Step 3: Practical Gemology
Scratch testing (or hardness testing) is one of the most destructive gemstone tests. Never perform a scratch test on a finished stone. This can fracture or shatter the gem, even if tested on an inconspicuous area.
Gem rough can be scratch tested, but caution is needed. Keep in mind that the rough may have incipient fractures that can’t be seen or internal stress that will open up easily to pressure. For these reasons, scratch testing should only be performed on small protrusions. Whenever possible, saw a piece off of the main rough stone for testing.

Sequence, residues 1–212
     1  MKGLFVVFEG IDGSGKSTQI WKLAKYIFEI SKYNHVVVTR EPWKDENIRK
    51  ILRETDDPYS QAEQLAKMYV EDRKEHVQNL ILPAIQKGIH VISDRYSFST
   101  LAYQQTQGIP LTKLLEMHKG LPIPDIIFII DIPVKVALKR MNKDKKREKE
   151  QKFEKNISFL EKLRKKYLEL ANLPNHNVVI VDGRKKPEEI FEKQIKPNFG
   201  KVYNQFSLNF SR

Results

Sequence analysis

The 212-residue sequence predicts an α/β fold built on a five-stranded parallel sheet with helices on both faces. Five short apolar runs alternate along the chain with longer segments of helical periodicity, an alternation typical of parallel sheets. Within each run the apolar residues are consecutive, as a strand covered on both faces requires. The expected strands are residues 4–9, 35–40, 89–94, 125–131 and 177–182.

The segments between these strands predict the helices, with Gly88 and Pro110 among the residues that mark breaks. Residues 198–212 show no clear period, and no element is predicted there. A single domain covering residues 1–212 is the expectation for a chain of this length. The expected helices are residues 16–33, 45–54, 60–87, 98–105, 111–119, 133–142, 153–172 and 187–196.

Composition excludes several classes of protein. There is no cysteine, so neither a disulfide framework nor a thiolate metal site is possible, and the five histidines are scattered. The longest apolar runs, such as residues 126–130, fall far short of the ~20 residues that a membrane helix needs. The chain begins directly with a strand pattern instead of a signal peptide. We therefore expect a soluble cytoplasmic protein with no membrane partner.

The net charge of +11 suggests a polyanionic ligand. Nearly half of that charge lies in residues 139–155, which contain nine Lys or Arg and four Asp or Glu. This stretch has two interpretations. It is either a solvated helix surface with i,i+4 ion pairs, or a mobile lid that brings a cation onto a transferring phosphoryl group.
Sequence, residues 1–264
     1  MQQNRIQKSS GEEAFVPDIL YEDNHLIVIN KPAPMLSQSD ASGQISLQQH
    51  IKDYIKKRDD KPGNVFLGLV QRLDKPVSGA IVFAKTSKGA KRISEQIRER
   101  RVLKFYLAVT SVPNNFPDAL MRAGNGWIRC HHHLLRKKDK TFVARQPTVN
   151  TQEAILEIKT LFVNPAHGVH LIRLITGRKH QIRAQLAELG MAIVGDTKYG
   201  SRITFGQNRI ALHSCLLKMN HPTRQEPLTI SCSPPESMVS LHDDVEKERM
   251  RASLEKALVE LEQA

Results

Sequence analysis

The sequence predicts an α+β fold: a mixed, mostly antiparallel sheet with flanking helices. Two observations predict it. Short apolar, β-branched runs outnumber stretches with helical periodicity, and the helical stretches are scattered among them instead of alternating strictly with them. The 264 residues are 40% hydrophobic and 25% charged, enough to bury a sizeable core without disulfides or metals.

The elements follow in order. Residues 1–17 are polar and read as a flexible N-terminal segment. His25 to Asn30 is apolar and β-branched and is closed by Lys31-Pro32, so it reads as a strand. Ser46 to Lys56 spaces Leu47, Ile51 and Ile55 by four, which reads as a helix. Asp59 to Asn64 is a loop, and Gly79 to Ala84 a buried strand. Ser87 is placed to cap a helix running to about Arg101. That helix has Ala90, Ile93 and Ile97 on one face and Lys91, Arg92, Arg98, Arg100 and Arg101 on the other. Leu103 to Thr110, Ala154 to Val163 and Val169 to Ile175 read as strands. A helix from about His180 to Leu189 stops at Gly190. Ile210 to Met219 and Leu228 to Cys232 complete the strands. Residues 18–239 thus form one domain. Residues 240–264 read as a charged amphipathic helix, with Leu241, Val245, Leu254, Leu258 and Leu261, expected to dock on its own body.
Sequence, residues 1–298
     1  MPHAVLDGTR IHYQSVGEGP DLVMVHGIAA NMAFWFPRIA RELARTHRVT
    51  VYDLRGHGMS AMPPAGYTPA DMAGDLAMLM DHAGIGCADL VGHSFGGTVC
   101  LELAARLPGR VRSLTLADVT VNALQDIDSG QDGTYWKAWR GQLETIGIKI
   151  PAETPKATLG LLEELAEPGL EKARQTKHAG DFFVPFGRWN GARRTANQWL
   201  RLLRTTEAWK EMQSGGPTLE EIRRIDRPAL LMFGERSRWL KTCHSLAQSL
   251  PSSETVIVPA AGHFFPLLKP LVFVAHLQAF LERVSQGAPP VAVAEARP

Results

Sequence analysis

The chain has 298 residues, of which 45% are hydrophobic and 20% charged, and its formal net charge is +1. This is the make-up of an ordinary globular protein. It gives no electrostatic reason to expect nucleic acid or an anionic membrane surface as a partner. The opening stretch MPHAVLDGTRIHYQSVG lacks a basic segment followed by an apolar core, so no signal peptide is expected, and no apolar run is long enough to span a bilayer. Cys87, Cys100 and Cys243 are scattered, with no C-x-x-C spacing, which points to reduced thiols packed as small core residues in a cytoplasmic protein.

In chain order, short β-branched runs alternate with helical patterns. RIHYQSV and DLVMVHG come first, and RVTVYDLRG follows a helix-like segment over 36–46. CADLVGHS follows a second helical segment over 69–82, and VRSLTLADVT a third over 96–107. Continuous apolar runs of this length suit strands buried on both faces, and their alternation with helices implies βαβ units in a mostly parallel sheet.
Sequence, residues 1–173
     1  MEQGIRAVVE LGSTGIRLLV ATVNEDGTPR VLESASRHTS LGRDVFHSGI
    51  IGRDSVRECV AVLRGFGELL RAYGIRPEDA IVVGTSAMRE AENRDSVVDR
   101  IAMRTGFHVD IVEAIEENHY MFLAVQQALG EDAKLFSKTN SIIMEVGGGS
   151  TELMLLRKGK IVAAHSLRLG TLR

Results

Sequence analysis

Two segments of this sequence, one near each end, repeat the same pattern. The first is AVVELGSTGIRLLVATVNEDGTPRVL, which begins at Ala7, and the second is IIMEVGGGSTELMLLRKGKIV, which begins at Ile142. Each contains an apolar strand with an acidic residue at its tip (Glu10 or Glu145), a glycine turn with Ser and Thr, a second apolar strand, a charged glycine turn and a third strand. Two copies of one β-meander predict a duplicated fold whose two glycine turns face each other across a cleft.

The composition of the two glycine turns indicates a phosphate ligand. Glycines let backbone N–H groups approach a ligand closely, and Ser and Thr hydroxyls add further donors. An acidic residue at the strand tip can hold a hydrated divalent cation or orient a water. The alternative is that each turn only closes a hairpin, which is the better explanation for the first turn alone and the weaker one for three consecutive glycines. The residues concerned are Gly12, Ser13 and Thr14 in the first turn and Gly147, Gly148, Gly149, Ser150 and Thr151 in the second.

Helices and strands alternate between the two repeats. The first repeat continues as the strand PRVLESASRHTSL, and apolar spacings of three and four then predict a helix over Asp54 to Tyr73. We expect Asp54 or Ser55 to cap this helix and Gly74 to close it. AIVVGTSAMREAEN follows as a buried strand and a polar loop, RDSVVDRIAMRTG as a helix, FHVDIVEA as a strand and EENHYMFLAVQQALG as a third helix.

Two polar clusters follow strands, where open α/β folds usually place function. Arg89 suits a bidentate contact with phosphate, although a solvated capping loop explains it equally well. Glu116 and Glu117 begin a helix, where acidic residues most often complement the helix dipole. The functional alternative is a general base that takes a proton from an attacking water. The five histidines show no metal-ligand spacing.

Scratch Testing Tools
Scratch testing requires a set of pencils or rods with ends of known Mohs hardness value. Hardness sets are available commercially, or you can make your own. Get some wood dowels about the size of a pencil. Attach small, sharp pieces of synthetic corundum, topaz, and quartz to the ends of individual dowels. Label them 9, 8, and 7, respectively. For a more complete set, you can add feldspar and apatite, 6 and 5, respectively.
You don’t need any other points because minerals with the same hardness will not scratch each…